Bumrah’s hat-trick leaves West Indies reeling at Sabina Park
Jasprit Bumrah became only the third Indian to collect a Test hat-trick, while Hanuma Vihari and Ishant Sharma posted personal bests with the bat to give India a massive advantage against West Indies in the second Test at Kingston.
After Vihari scored his first Test ton and Ishant hit his maiden Test fifty to lift India to 416 in the afternoon, Bumrah tore through the West Indies batting to rip out six of the seven wickets that fell in the session, including a hat-trick that sent back Darren Bravo, Shamarh Brooks and Roston Chase.
Bumrah could’ve caused more damage had he not left the field due to a cramp. But by then, he had reduced West Indies to 22 for 5. At stumps, West Indies had lost two more wickets, and still needed 130 more to avoid the follow-on.
Opener John Campbell was the first to fall to Bumrah. He was on 2, struggling with the pacer’s full deliveries when he bowled one shorter, trapping Campbell on the back foot. The seam movement that Bumrah was getting all afternoon nipped the edge of Campbell’s bat, and went to second slip.
Bumrah’s fourth over was the one that entered the record books. The first delivery to Darren Bravo swung too much, but Bumrah made amends next ball. He aimed the next delivery on middle stump, and the away movement caught Bravo’s outside edge, pocketed by second slip. Shamarh Brooks walked in next, and Bumrah got this one to swing into the right-hander, hitting him on the back pad. Brooks reviewed but that was in vain, the ball was hitting leg stump.
Then came the hat-trick delivery, and Roston Chase was welcomed with three slips, two gullys, a short leg and two catchers behind square. Bumrah went for his trusted full delivery, swinging into Chase, and rapped him on the front toe. The lbw appeal was turned down, but Virat Kohli, standing at second slip, backed his judgement and went for the review, which showed three reds and confirmed a hat-trick for Bumrah.
Bumrah thus joined Harbhajan Singh and Irfan Pathan among Indians with Test hat-tricks. He then made it back to back five-wicket hauls when Kraigg Brathwaite edged a full delivery behind.
A brief resurrection followed with Jason Holder and Shimron Hetmyer adding 45 runs for the sixth wicket, but then Mohammad Shami ended the possibility of Bumrah joining the ranks of Anil Kumble or Jim Laker, by having Hetmyer bowled through the gate. Bumrah returned in his last spell of the day and got Holder off his first ball, with the West Indies captain skying a wide delivery. At the end of the day, Bumrah’s figures read 9.1-3-16-6.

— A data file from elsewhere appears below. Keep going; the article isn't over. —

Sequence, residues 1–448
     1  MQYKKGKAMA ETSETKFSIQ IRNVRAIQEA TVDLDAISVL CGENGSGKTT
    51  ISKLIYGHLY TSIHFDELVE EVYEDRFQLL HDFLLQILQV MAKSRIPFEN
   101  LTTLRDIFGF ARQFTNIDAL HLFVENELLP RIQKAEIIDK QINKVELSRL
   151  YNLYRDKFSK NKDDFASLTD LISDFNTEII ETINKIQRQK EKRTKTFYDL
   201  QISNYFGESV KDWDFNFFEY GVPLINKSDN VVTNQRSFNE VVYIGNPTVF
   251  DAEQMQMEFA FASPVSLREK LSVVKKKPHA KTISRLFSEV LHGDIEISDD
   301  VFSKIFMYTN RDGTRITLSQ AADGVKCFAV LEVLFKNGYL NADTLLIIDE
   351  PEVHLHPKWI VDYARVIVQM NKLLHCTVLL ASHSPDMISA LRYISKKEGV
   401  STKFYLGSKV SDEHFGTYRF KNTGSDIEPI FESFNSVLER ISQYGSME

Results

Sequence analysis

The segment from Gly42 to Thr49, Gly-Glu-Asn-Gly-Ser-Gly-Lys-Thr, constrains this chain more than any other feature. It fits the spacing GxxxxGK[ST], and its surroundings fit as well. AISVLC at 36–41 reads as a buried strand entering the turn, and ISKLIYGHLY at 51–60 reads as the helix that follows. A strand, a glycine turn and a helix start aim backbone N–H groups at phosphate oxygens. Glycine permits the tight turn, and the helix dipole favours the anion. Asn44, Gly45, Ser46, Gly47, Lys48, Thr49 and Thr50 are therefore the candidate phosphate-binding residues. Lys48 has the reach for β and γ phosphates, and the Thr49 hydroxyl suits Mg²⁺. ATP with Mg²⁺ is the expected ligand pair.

Earlier, Vihari made 111 before being the last batsman dismissed with the score reading 416. The Vihari-Ishant partnership yielded 112 runs for the eight wicket, and dominated a majority of the post-lunch session, frustrating West Indies after they had had a reasonably successful morning.
Holder had sent back Rishabh Pant off the day’s first ball, but Vihari and Jadeja steadied the innings with a patient stand. Jadeja fell as India went to lunch at 302 for 7, but then Vihari and Ishant came together.
Vihari, who started the day on 42, battled through a difficult period after lunch, scoring two runs in the session’s first nine overs but found his strokes even as Ishant settled in. He drove Shannon Gabriel and Kemar Roach, offering the straight bat to collect a few boundaries, despite playing and missing earlier on.
Vihari reached his hundred by taking a sharp single halfway through the session, and Ishant reached his fifty three overs later. Ishant grew in confidence as the innings progressed, offering free flowing drives to the pacers and to debutant offspinner Rahkeem Cornwall. He used his feet smartly through the innings, either walking across the line to glance fine, or taking a big stride to drive through the off side.
When Ishant reached his fifty, the applause from the Indian dressing room was even more animated than the one that had greeted Vihari on reaching his first Test ton two overs earlier. Vihari reached the landmark in the 133rd over, pinching a risky single and then punching the air in delight. Ishant’s sweep to reach his fifty also brought up their hundred stand. Kohli, in particular, looked elated.
The duo did have their nervous moments, particularly with their running between the wickets, but West Indies couldn’t hit the stumps direct and both batsmen continued to prosper. They even took India past 400, a total that might have seemed difficult to achieve when Pant had fallen to the first ball of the day.
At 414, Ishant holed out to part-timer Brathwaite and thereafter India’s innings came to a swift close four runs later. The Vihari-Ishant stand had already put West Indies on the back foot at tea, but with seven wickets falling in the final session, they had been pushed irrevocably back. (ESPNCricinfo)